Astana basketball hero says investment in youth leagues needed to lift Kazakhstan’s game

ASTANA – Nicknamed “Jackson” in his youth for wearing a sweatband like the famous NBA player, today Rustam Yergali is an icon of Kazakhstan’s basketball. In the midst of a career spent on the court, the 31-year-old gave advice and predictions for the future of Kazakh basketball.

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“My career began in Kostanai; I saw NBA games on television and started playing basketball with other kids on the street,” Yergali recalls.

During his first week of basketball training, he was expelled from the team for being late to practice. “I was very upset that day, but I didn’t give up. I looked for other opportunities and went to the local sports school,” he said.

After six months of training, Yergali and other promising talents were invited to practice in Astana at the Munaitpasov sport boarding school for gifted children. After spending a decade with the Astana Tigers and winning six consecutive national championships, in 2011 he was invited to play for the newly formed Astana basketball club, under the Astana sport club franchise.

“Since the inception of the VTB League, the popularity of basketball has increased in Kazakhstan, but I can’t say that the overall level of basketball increased,” admits Yergali. If there is an interest in basketball in the country’s regions, far from city centres, though, it is still possible to find good players and create teams – the most important issue remains funding. According to Yergali, investing in children and youth could help improve the level of basketball in the country in the long term.

Towards the end of 2017, BC Astana opened a basketball academy and foreign specialists were invited to coach young players. The same year, the national basketball federation partnered with the NBA to create an NBA junior league and raise the basketball profile in the country.

Currently, Yergali and his teammates play in the National League of Kazakhstan, the highest tier of domestic basketball, and in the VTB United League, an international basketball league.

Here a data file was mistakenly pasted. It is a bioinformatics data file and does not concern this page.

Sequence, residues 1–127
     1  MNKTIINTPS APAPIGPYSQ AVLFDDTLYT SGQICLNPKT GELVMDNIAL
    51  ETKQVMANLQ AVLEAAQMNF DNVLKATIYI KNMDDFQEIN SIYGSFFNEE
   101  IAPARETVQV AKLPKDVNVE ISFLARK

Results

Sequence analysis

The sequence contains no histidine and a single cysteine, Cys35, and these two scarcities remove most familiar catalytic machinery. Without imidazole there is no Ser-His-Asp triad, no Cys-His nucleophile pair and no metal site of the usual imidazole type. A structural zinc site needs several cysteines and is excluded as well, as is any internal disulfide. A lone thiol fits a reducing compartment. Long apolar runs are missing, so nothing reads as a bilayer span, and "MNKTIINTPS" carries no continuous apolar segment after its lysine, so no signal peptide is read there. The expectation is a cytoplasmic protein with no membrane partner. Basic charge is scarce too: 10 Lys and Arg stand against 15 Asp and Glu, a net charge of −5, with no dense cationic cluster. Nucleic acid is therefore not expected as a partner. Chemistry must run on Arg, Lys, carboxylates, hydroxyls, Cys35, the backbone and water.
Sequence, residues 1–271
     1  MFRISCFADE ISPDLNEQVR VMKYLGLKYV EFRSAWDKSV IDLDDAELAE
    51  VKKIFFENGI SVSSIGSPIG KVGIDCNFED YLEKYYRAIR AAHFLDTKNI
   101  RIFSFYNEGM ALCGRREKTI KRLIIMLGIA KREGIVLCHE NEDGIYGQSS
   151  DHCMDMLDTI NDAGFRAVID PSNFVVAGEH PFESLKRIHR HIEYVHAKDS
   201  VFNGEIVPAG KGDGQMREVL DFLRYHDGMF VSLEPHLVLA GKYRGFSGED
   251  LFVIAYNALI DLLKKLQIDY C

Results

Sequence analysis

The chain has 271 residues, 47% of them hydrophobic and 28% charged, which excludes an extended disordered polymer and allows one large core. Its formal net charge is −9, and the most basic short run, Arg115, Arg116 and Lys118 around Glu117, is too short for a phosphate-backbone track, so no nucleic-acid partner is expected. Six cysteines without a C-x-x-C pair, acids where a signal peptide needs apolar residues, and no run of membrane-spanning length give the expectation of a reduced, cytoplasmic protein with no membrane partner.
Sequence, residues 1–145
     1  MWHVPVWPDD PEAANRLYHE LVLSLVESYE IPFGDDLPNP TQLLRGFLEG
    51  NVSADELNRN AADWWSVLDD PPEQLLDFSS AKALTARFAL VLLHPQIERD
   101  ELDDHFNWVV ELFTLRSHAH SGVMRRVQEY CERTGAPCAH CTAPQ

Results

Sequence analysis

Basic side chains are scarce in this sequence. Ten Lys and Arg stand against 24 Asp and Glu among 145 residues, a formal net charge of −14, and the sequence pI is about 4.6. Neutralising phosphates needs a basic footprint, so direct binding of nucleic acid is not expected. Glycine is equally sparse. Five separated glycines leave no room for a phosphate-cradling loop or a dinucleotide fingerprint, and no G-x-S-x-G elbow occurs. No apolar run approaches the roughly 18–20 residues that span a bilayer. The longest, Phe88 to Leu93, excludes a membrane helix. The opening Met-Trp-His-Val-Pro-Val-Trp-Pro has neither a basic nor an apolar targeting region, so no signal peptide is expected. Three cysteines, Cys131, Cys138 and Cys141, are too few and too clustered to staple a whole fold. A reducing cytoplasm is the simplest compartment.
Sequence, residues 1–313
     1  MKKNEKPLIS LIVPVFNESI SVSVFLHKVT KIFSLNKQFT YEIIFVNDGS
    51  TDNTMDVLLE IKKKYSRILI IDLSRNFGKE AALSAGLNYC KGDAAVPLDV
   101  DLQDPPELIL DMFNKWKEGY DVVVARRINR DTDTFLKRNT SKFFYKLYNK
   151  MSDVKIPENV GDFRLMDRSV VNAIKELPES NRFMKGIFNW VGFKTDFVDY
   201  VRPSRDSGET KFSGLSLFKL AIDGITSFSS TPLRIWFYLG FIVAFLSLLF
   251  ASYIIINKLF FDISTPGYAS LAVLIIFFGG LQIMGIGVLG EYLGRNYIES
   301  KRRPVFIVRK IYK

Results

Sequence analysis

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“I put the national championship first and the management also sets similar goal: we are the main team in Kazakhstan and our first priority is to win the Kazakh championship – then we think about the VTB League,” noted Yergali.

BC Astana is a five-time champion of the national league and is the strongest team in Kazakh basketball both financially and technically. BC Astana hasn’t enjoyed the same success in the VTB League, however. The team features frequently in the playoffs but has never advanced past the first round, despite a strong presence of experienced foreign players in the team.

“Foreign players are definitely essential to the improvement of local players, but not in the current amount. If you have a team of half foreign and half local players, there are limited chances for the local athletes to play. Foreign players are needed, maybe two per team; that way we make sure that local players learn and progress,” he suggested, adding that BC Astana has always welcomed foreign players and that they contribute greatly to the club.

Yergali is also the captain of the Kazakhstan national team and is motivated by that role. He supports his younger teammates with advice and is the key figure in the interaction between the team and the management of national basketball. Kazakhstan’s national team is due to play against Iraq and Iran in the summer for a chance to advance to the second qualifying round of the 2019 World Basketball Championship in China.

“If the national team makes it to the World Championship, this would be the first time, and I am sure it would give a big impulse to the development of basketball in the country. It would be hard, but we only play to win,” he added.

In the meantime, Yergali advised, young Kazakh players should hone their professional skills in international leagues and championships, to develop their competitive edge and gain match experience. As they grow, so will Kazakh basketball.


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